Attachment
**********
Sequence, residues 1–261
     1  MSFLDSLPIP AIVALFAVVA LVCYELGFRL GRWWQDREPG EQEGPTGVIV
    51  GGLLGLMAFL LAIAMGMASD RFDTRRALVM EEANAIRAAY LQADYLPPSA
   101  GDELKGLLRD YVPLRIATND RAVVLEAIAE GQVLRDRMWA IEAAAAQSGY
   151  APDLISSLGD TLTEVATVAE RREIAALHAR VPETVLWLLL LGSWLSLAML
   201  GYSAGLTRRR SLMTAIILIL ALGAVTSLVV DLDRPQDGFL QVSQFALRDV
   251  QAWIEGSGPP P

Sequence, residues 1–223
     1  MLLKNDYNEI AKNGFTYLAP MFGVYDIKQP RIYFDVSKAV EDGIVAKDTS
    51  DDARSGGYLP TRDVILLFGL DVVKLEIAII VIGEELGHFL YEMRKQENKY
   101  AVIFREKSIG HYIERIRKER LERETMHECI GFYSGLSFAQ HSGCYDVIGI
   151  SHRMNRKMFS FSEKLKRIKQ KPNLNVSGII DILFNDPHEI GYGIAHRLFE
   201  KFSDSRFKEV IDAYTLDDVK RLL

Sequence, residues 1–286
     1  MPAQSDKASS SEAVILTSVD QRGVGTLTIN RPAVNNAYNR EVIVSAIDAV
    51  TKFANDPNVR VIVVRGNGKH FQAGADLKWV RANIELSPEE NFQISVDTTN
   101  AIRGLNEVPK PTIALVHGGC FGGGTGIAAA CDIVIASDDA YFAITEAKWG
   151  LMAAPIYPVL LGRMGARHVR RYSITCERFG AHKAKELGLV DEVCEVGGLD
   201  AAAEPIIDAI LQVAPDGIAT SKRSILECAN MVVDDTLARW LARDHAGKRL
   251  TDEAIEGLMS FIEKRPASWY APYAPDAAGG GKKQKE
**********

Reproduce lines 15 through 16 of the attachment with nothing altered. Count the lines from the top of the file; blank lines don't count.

     1  MPAQSDKASS SEAVILTSVD QRGVGTLTIN RPAVNNAYNR EVIVSAIDAV
    51  TKFANDPNVR VIVVRGNGKH FQAGADLKWV RANIELSPEE NFQISVDTTN